related values, such as minority and women’s rights and the rule of law. These charges are

often laid against Islamist movements, so it is important for European policy-makers to

have an accurate picture of the policies and philosophies of potential partners.

Experiences from different countries tends to suggest that the more freedom Islamist

parties are allowed, the more moderate they are in their actions and ideas. In many

cases Islamist parties and groups have long since shifted away from their original aim

of establishing an Islamic state governed by Islamic law, and have come to accept basic

democratic principles of electoral competition for power, the existence of other political

competitors, and political pluralism.

Political Islam in the Middle East

Sind Knudsen

This report provides an introduction to selected aspects of the phenomenon commonly

referred to as “political Islam”. The report gives special emphasis to the Middle East, in

particular the Levantine countries, and outlines two aspects of the Islamist movement that may

be considered polar opposites: democracy and political violence. In the third section the report

reviews some of the main theories used to explain the Islamic resurgence in the Middle East

(Figure 1). In brief, the report shows that Islam need not be incompatible with democracy and

that there is a tendency to neglect the fact that many Middle Eastern countries have been

engaged in a brutal suppression of Islamist movements, causing them, some argue, to take up

arms against the state, and more rarely, foreign countries. The use of political violence is

widespread in the Middle East, but is neither illogical nor irrational. In many cases even

Islamist groups known for their use of violence have been transformed into peaceful political

parties successfully contesting municipal and national elections. Nonetheless, the Islamist

revival in the Middle East remains in part unexplained despite a number of theories seeking to

account for its growth and popular appeal. In general, most theories hold that Islamism is a

reaction to relative deprivation, especially social inequality and political oppression. Alternative

theories seek the answer to the Islamist revival within the confines of religion itself and the

powerful, evocative potential of religious symbolism.

The conclusion argues in favour of moving beyond the “gloom and doom” approach that

portrays Islamism as an illegitimate political expression and a potential threat to the West (“Old

Islamism”), and of a more nuanced understanding of the current democratisation of the Islamist

movement that is now taking place throughout the Middle East (“New Islamism”). This

importance of understanding the ideological roots of the “New Islamism” is foregrounded

along with the need for thorough first-hand knowledge of Islamist movements and their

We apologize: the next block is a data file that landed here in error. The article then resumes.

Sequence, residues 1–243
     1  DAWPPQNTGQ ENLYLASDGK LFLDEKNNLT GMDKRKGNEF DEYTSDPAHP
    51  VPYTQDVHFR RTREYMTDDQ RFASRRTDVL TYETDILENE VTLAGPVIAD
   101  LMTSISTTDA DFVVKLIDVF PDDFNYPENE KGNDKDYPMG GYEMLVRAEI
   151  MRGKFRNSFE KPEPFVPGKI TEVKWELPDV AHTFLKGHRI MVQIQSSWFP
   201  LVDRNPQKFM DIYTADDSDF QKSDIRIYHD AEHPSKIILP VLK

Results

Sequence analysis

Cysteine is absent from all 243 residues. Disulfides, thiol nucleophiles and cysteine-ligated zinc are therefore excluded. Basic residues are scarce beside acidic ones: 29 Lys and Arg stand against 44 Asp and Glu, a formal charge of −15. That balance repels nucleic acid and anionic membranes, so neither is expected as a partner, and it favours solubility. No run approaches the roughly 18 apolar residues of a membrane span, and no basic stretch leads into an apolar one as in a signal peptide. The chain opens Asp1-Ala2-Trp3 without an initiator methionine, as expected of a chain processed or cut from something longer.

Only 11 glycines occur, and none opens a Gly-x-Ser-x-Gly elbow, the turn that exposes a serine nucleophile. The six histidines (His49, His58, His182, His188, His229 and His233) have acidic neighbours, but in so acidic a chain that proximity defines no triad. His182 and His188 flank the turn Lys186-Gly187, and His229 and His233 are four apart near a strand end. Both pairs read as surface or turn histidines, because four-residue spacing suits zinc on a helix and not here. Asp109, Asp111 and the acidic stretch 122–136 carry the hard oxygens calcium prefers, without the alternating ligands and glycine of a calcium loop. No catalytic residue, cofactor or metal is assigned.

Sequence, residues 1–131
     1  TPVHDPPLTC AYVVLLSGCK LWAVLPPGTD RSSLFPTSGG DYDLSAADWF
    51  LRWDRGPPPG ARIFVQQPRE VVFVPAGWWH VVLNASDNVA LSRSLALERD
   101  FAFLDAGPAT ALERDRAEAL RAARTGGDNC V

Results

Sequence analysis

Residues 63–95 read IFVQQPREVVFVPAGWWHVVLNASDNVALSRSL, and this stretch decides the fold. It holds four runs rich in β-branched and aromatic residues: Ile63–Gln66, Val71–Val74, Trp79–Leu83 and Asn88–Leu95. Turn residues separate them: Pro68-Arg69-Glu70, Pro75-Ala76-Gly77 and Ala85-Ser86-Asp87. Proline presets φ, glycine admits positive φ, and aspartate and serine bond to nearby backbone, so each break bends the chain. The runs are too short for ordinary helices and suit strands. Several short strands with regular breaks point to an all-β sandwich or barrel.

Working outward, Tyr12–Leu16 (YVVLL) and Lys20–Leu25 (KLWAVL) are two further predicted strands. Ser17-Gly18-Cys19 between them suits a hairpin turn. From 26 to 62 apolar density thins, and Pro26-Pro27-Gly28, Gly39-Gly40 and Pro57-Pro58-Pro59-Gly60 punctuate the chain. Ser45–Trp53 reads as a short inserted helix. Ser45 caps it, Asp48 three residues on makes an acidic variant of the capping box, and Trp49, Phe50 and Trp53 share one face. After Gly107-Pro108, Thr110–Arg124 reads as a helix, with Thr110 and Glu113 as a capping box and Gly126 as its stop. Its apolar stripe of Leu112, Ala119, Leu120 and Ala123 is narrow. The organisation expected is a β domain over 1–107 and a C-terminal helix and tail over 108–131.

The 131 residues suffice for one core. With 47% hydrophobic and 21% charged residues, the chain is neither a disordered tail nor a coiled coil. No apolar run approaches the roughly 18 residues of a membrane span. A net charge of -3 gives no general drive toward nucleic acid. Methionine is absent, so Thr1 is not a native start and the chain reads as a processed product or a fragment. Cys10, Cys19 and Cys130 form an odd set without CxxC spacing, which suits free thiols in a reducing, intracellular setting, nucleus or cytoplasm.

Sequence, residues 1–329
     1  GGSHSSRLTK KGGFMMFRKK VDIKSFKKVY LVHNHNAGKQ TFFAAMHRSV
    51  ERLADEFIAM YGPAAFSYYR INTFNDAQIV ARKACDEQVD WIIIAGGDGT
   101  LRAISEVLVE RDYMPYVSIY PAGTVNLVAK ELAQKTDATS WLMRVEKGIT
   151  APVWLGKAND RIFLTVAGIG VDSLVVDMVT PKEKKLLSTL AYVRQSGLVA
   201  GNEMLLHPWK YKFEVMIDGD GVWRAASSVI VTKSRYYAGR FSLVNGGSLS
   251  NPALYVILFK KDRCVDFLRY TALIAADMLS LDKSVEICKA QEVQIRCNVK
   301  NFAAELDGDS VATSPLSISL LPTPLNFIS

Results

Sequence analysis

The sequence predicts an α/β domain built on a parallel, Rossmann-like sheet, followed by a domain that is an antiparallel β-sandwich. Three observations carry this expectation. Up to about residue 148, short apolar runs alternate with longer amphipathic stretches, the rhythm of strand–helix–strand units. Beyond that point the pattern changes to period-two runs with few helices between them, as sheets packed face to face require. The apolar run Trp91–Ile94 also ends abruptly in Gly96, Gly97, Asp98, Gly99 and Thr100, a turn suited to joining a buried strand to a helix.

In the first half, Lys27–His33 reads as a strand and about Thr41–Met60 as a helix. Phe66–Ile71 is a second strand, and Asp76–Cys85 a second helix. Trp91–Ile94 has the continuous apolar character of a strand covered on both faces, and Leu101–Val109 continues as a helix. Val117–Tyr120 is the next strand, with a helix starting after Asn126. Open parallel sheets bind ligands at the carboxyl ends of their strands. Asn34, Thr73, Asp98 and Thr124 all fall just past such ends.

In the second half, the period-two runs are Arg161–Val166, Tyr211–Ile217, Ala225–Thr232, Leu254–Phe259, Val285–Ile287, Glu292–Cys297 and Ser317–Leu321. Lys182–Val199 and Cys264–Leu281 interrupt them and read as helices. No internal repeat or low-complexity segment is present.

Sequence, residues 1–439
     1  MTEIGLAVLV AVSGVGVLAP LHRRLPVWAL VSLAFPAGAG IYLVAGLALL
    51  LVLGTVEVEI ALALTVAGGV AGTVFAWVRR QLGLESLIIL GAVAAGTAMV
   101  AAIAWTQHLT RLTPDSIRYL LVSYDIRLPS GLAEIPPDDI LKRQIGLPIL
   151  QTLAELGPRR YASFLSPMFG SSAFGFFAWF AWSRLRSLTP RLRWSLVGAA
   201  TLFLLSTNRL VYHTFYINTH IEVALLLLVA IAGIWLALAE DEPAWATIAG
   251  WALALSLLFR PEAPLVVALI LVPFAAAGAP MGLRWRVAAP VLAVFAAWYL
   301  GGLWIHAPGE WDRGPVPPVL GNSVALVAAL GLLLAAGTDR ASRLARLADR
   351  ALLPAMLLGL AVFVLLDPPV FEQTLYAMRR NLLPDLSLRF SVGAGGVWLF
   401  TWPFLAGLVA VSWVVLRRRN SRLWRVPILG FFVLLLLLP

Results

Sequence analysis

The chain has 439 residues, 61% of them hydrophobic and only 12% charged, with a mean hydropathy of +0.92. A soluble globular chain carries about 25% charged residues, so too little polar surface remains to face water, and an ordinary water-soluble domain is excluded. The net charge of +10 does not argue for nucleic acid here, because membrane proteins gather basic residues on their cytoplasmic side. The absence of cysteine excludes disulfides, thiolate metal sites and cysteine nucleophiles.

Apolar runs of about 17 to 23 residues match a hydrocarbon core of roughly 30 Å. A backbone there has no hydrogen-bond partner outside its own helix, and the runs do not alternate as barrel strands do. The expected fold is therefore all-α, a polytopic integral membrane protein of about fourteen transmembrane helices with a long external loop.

adherents. As social movements, its is argued that more emphasis needs to be placed on

understanding the ways in which they have been capable of harnessing the aspirations not only

of the poorer sections of society but also of the middle class.

Islamist Parties : why they can’t be democratic

Bassam Tibi

Noting Islamism’s growing appeal and strength on the ground, many

Western scholars and officials have been grasping for some way to take

an inclusionary approach toward it. In keeping with this desire, es hat

become fashionable contemptuously to dismiss the idea of insisting on

clear and rigorous distinctions as “academic.” When it comes to Islam

and democracy, this deplorable fashion has been fraught with unfortunate

consequences.

Intelligent discussion of Islamism, democracy, and Islam requires

clear and accurate definitions. Without them, analysis will collapse into

confusion and policy making will suffer. My own view, formed after

thirty years of study and reflection regarding the matter, is that Islam and

democracy are indeed compatible, provided that certain necessary religious

reforms are made. The propensity to deliver on such reforms is what

I see as lacking in political Islam. My own avowed interest—as an Arab-

Muslim prodemocracy theorist and practitioner—is to promote the establishment

of secular democracy within the ambit of Islamic civilization.

In order to help clear away the confusion that all too often surrounds

this topic, I will lay out several basic points to bear in mind. The first is

that, so far, Western practices vis-`a-vis political Islam have been faulty

because they have lacked the underpinning of a well-founded assessment.

Unless blind luck intervenes, no policy can be better than the assessment

upon which it is based. Proper assessment is the beginning of

all practical wisdom.

Von Rebellenbewegung zu Politische Partei

Alastair Crooke